2.2. Sampling and Analysis

2.2.1. Higher Plants

In this study, floristic data are based on collections and field observations carried out between spring and autumn 2017, whose preliminary results are reported in a previous contribution [33]. For each accessible plant species observed on the façades, the building perimeter, and the embankments, (Figure 2), one sample was harvested, preserving the substrate. A detailed photographic documentation has been produced, especially to obtain details on non-sampled species which are difficult to reach. All plant voucher specimens were deposited in the herbarium of Plant Biosystem Laboratory (University of Calabria, Unical). The identification of species was carried out based on Pignatti [34,35] and Tutin [36]. In addition, internet-based databases, such as Portal to the Flora of Italy (accessed on 14 March 2018) and Actaplantarum (accessed on 14 March 2018), were used. For each observed specimen, the growth substrate and the position of the plants in respect to the building have been recorded, as well as the family and the initials of the plant life form according to Raunkiaer’s classification [37]. For each taxon, the Hazard Index (HI) [38,39] was specified. This numerical index, ranging from 0 (minimal hazard) to 10 (high hazard), describes the level of danger of each species based on specific morphological characteristics and relative to the type of growth. It differs for each species and it is identified by three numerical indices related to the parameters of biological form, invasiveness, and root system [25,37,40]. The sum of these numbers expresses the potential harmfulness of the individual species to the monument and the difficulty of their being mechanically eliminated, as well as their ability to overwhelm other species.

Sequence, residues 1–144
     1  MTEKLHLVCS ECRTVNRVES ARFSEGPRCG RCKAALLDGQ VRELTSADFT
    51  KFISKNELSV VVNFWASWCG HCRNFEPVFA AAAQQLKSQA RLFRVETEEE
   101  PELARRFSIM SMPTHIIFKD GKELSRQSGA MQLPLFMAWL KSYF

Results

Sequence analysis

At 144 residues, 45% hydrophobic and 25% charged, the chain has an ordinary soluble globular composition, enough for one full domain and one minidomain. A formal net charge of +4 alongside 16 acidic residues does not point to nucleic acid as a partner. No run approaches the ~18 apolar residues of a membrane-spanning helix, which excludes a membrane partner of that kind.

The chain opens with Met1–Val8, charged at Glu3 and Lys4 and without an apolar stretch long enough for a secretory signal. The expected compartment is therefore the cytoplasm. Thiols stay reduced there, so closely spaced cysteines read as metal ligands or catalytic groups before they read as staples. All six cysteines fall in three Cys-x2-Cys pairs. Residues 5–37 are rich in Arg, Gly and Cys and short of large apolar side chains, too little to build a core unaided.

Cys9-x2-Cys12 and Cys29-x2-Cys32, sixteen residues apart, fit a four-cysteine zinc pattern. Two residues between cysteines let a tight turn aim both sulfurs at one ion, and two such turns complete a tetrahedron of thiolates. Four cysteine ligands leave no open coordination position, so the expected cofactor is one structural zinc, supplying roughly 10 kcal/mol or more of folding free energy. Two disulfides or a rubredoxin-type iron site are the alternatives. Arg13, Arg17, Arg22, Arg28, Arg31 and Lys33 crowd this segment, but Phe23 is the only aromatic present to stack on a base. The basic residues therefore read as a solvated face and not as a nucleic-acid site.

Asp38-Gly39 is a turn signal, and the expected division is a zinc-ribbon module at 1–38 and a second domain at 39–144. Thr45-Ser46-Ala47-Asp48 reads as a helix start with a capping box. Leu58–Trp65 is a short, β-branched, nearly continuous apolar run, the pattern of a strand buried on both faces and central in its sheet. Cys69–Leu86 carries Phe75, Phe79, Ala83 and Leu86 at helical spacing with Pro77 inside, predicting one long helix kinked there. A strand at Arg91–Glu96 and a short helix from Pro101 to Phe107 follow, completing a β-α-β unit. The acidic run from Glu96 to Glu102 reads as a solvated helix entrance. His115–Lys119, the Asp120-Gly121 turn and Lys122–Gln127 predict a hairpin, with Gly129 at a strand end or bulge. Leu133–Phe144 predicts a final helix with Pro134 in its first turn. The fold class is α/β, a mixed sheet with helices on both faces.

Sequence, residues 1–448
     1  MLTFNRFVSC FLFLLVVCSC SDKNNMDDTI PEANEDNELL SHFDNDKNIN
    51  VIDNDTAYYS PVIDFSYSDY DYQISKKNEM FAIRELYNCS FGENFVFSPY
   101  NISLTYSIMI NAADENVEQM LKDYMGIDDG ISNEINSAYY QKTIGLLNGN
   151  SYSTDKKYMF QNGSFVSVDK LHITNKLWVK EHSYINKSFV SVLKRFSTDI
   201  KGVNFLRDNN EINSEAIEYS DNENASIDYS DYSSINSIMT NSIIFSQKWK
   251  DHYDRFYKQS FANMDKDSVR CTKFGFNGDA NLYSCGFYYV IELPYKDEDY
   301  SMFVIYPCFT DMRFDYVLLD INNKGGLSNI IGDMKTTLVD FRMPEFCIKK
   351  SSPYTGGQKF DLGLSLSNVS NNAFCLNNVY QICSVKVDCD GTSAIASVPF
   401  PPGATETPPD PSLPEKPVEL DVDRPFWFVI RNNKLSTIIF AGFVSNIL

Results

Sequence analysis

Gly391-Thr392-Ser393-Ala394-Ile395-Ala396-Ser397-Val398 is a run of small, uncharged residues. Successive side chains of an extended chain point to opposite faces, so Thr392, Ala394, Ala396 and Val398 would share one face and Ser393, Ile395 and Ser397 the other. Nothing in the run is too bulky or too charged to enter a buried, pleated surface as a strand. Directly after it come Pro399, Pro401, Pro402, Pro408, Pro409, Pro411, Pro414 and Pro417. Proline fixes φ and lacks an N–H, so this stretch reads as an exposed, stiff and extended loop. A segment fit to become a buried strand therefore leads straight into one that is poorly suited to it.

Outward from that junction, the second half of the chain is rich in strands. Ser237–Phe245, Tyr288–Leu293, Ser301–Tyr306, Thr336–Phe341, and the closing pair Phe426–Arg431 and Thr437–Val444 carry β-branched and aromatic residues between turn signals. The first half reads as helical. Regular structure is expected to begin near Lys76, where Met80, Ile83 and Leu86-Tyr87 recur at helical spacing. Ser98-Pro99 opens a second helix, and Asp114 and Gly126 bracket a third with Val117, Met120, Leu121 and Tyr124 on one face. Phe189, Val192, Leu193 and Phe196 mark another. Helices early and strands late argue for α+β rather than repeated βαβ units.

2.2.2. Biofilms